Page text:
Posts Tagged ‘Steam In-Home Streaming’

Week in Tech: Proprietary PC Tech and Nvidia

By Jeremy Laird on February 27th, 2014.

Last week we caught an early glimpse of Nvidia’s latest and greatest GPU design, known as Maxwell. We’ll have to wait a while to see what impact it has on true gaming PCs, but the sheer power efficiency of the new architecture certainly looks promising. Anywho, the Maxwell launch event was a chance to hook up with Nvidia and quiz them on a subject that’s been vexing me of late, namely the rise of proprietary gaming tech – well, mainly graphics – for the PC. What with Mantle and HSA from AMD, G-Sync, 3D Vision and Shield-tethered game streaming from Nvidia, it feels like gaming hardware is becoming increasingly partisan. So what gives? Tom Petersen, Nvidia’s Director of Technical Marketing for GeForce, gave me the low down.
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Week In Tech: I Dream Of Steam Streams

By Jeremy Laird on February 6th, 2014.

For a dying platform, the technical innovations for the PC aren’t half coming thick and fast. For starters, Alec and Graham have been dabbling with Steam’s new streaming capability. It all looks bloody clever to me and has the knock on effect of rebooting interest in some previously pretty pedestrian kit. £40 mini-ITX board with embedded Atom chip as basis for client streaming box (based on a free OS)? As if that wasn’t enough, AMD’s Mantle API has gone live with beta driver support, promising a brave new age of high performance gaming for all. Well, kinda. Read the rest of this entry »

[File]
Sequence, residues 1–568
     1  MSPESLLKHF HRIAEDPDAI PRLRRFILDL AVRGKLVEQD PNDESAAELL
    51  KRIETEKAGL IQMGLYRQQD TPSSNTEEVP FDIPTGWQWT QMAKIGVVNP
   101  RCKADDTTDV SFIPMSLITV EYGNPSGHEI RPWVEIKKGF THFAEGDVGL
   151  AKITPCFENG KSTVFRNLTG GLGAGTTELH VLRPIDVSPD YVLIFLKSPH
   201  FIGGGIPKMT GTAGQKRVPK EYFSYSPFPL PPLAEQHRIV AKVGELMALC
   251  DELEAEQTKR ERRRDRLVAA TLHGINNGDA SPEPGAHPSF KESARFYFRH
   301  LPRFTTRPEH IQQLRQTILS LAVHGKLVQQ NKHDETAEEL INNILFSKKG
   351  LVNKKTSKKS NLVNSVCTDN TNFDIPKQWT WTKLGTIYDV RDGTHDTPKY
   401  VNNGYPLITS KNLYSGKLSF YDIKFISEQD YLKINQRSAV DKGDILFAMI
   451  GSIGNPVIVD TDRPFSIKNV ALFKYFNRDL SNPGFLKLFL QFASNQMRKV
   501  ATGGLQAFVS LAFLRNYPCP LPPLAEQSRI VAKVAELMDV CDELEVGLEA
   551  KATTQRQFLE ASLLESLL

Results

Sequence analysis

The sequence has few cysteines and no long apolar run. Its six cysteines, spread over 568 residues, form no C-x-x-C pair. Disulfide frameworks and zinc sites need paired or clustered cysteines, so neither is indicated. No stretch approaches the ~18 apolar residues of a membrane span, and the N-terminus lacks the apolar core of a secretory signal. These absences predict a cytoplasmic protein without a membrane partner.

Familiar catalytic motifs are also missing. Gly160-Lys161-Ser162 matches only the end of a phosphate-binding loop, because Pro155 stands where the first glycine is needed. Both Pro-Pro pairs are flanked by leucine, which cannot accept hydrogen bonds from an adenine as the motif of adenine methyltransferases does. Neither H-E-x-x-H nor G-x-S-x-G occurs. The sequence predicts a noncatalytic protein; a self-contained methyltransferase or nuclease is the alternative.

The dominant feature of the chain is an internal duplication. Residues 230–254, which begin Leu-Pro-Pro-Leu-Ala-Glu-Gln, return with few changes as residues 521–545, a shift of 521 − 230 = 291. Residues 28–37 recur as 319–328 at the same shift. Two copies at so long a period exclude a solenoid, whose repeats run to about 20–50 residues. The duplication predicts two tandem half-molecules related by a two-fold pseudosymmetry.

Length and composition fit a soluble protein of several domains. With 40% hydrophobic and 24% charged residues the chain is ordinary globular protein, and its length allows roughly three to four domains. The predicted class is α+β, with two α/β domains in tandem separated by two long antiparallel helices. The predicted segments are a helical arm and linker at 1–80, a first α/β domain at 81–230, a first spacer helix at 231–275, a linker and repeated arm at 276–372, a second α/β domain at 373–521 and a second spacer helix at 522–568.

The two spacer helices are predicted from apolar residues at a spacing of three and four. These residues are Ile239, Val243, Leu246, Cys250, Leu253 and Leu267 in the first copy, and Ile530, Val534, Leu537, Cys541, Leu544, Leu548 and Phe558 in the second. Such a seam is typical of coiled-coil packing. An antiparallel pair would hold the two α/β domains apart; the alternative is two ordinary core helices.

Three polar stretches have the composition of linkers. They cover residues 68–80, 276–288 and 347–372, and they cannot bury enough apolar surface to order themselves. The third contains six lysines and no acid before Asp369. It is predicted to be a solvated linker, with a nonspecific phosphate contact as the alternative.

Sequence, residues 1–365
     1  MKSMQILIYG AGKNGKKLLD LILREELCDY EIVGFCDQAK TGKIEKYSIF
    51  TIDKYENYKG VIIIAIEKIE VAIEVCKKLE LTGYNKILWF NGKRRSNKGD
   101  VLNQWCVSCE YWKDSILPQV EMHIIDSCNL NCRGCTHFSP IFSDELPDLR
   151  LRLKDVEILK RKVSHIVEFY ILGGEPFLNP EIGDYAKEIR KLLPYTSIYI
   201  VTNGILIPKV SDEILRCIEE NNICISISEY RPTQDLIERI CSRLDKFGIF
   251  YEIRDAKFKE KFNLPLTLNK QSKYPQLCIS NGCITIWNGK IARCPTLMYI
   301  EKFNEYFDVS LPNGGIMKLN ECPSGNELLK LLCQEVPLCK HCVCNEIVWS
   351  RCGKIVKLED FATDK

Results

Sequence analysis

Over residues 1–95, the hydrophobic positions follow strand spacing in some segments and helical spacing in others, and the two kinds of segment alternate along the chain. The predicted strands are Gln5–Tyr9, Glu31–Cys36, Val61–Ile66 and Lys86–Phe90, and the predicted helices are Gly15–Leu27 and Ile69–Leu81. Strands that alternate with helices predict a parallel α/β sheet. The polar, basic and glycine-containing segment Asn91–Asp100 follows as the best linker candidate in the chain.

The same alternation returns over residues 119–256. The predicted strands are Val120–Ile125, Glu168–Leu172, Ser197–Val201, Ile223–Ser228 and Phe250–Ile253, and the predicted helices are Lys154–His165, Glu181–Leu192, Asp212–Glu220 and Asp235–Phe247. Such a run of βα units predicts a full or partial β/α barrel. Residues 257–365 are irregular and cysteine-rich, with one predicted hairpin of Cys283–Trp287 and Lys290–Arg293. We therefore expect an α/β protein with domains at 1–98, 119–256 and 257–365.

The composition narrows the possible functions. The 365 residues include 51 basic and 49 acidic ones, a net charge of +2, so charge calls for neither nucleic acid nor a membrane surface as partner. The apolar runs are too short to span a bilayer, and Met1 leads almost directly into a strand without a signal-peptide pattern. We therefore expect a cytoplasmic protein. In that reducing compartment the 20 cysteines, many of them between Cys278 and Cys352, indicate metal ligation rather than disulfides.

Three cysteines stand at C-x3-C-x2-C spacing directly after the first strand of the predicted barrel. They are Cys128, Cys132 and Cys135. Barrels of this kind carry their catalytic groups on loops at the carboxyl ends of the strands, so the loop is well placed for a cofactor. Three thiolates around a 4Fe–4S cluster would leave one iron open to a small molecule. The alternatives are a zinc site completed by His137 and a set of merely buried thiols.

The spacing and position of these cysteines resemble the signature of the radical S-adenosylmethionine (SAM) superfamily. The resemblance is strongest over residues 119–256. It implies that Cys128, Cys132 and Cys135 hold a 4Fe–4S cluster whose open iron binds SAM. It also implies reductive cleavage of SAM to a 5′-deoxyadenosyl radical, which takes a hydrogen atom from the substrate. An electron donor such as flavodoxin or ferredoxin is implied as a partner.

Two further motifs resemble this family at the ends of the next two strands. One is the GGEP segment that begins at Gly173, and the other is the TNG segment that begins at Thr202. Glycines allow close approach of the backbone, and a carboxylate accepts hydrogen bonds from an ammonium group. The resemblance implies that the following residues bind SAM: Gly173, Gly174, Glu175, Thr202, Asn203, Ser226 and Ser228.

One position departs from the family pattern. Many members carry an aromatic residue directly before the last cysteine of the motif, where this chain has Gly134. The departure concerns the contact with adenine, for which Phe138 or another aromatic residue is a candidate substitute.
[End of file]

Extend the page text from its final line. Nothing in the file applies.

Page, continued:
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The RPS Verdict: Steam In-Home Streaming Beta

By Alec Meer on January 30th, 2014.

A computer and a stream, yesterday

The first raft of people have been allowed into the beta of Steam’s upcoming In-Home Streaming tech, which enables you to stream pretty much any Steam game (and even a few non-Steam games) from your main games PC to another PC elsewhere in the house. Among those people are Graham and Alec, who’ve been trying it out on assorted hardware, and who here sit down to have a good old chinwag about their respective experiences. It’s a great idea on paper, but does it really work? Yes, obviously it does or they wouldn’t have released it. But does it work well? Sir, you are being clickbaited.

(Yes ok it works quite well, sort of, depending on your setup and which games you try, but please read the article anyway).
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